Orlando Magic’s offense is intriguingly ahead of their defense

Cole Anthony is helping spark an Orlando Magic offensive revival. Or at least preseason intrigue in the offense. Mandatory Credit: Ken Blaze-USA TODAY Sports
Cole Anthony is helping spark an Orlando Magic offensive revival. Or at least preseason intrigue in the offense. Mandatory Credit: Ken Blaze-USA TODAY Sports /

156. Final. 108. 38. 105

Throughout training camp last week, coach Jamahl Mosley told everyone the Orlando Magic’s defense was ahead of its offense. Jonathan Isaac and Jalen Suggs were among the players who seemed to echo this notion, putting out thoughts of being in the top 10 in defensive rating.

Why wouldn’t everyone think this? The Magic were 18th in the league in defensive rating for the season last year and seventh in the league in defensive rating after Dec. 7 and the team’s 5-20 start.

The Magic have seemingly focused on selecting, rangy and versatile athletes, believing they can turn them into shooters. The offense, despite some intriguing weapons including the team’s two stars in Franz Wagner and Paolo Banchero, has somewhat been neglected.

This is a franchise that has not had an offense outside the bottom 10 since Dwight Howard left in 2012 and finished 26th in the league in offensive rating. Nobody is still expecting Orlando to have a killer offense.

Yet. . .

There was some beautiful offensive basketball and something feels different about this Magic team’s offense.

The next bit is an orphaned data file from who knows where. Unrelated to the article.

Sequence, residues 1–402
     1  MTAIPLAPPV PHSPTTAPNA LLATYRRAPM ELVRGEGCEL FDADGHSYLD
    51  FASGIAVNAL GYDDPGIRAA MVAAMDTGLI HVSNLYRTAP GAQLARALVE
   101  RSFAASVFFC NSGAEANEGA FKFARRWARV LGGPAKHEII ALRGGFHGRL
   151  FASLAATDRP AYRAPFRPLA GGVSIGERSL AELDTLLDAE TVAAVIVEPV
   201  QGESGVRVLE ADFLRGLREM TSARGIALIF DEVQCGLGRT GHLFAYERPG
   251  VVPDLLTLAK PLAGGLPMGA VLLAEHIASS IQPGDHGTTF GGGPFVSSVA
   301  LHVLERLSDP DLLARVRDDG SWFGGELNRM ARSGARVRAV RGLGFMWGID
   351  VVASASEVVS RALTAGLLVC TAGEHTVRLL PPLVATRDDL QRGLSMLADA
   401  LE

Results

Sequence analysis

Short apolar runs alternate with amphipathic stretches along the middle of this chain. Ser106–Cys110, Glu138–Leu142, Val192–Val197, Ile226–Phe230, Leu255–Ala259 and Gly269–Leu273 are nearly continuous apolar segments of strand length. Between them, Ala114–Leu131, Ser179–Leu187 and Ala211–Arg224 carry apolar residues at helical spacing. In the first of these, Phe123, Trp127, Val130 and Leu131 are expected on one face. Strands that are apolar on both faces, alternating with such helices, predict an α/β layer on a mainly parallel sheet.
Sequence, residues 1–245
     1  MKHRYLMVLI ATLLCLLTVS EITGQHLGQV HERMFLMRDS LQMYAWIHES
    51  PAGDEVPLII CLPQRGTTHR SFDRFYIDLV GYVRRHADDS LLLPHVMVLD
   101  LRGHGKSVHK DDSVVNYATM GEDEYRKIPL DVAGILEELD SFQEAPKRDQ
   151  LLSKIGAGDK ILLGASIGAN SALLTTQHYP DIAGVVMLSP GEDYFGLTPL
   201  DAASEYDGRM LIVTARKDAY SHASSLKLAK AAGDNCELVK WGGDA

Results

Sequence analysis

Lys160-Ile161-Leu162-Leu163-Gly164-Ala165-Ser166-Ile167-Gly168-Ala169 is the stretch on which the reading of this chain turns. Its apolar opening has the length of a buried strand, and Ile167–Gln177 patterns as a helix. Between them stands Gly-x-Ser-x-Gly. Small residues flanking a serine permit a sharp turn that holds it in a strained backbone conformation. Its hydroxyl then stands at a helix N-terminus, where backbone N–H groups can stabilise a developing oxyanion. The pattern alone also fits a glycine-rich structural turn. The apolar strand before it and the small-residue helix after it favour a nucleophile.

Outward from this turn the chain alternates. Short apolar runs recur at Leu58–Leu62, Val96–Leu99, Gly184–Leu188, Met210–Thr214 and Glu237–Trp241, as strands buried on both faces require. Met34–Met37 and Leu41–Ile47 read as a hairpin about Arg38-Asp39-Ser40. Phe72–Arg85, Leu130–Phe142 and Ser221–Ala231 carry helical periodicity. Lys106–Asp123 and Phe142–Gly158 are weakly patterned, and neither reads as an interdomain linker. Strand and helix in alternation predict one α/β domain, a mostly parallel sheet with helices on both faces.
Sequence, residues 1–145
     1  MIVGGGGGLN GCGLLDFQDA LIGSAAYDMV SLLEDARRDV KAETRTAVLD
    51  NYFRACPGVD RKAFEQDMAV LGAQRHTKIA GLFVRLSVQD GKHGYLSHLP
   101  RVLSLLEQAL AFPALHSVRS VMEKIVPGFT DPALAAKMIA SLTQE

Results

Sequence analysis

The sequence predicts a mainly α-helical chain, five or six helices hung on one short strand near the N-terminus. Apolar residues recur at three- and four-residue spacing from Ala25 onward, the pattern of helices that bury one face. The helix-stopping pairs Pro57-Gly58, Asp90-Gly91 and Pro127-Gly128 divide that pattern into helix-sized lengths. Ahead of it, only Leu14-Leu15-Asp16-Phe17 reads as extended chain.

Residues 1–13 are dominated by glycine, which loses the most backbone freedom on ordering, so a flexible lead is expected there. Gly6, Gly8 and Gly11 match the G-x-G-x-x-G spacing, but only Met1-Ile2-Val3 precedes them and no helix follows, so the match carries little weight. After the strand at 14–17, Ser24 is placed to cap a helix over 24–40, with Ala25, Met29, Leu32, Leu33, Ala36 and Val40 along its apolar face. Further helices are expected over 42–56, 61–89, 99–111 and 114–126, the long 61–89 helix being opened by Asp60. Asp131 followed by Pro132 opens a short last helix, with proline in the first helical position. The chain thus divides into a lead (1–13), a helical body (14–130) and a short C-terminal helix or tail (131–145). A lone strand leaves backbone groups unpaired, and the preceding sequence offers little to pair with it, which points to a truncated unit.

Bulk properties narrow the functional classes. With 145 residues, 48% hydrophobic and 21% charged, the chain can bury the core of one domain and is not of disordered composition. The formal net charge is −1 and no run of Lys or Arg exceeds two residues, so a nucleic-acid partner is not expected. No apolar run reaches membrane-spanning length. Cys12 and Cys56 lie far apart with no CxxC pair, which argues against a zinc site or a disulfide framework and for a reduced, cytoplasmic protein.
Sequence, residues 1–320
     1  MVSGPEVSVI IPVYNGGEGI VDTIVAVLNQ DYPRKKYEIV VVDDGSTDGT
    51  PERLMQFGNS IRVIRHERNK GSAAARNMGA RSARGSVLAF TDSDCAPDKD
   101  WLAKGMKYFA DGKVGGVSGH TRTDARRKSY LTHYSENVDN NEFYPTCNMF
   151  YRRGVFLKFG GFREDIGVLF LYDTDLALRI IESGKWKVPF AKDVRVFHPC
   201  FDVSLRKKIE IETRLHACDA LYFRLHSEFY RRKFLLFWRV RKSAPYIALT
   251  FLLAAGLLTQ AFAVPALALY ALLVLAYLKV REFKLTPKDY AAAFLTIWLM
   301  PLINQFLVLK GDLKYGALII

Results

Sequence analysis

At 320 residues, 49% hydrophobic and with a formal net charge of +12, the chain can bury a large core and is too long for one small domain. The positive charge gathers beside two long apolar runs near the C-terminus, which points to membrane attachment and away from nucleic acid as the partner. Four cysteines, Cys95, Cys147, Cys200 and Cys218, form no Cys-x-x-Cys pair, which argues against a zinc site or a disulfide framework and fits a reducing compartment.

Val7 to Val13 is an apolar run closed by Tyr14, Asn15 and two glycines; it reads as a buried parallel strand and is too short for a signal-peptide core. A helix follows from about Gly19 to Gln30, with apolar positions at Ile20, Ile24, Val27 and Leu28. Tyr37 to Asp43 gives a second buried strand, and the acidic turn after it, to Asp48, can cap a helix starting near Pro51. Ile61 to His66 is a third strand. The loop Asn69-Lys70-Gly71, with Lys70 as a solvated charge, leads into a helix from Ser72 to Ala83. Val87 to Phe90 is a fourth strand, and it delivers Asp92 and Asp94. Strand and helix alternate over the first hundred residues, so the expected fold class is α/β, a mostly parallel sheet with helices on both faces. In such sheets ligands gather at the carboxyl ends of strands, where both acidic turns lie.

The Orlando Magic want to build their identity on defense. But in two preseason games, the offense should be raising some eyebrows for this young team.

There was on the opening play Markelle Fultz finding Jalen Suggs on a backdoor cut only for Suggs to whip the ball quickly to Paolo Banchero for a corner three (it missed, but process over results, right?).

There was Franz Wagner driving and slinging a pass to the corner for Jalen Suggs to drain a three. Then there was Wagner lining up from 30 feet out and comfortably hitting a deep three. Or there was Banchero getting downhill to finish at the rim. Or there was the ball finding Fultz in the corner after an offensive rebound for three.

Is this Orlando Magic team, which scored 122 points including 41 in the second quarter in Tuesday’s game against the New Orleans Pelicans, becoming a strong offensive team?

It is too early to pull the trigger on that quite yet. The Magic still have plenty of moments early in this preseason where the team struggles to find points and generate offense.

Yet, it still does feel like a different team offensively.

Orlando, at least when its regular rotation players are in, continues to put up impressive scoring numbers and do things that you typically see from strong offensive teams.

In Thursday’s 108-105 win against the Cleveland Cavaliers (the Cavs went on a 13-0 run to end the game with both teams using their deep bench players), the Orlando Magic posted an offensive rating of 106.9 points per 100 possessions (that is very bad).

But, through three quarters, the Magic had an offensive rating of 114.3 points per 100 possessions (with a defensive rating of 98.7 for good measure). All of the Magic’s starters had a plus/minus of at least +14 for the game and an offensive rating of at least 122.0. And even though they gave up 31 points in the first quarter (including 17 to Darius Garland), the Magic still matched it to keep the game tied.

That is some very good offense.

What has stood out about the Magic to this point is that they are seemingly unrelenting. They know who they are and what they run and they stick with it, troubleshooting quickly and finding gaps to attack on both ends. And when the offense is working, this team is proving tough to beat.

What is a defense supposed to do with Franz Wagner pulling up for 30-foot threes or for that matter with Wagner leading the charge offensively and getting downhill. The Magic are quickly establishing an identity with their offense.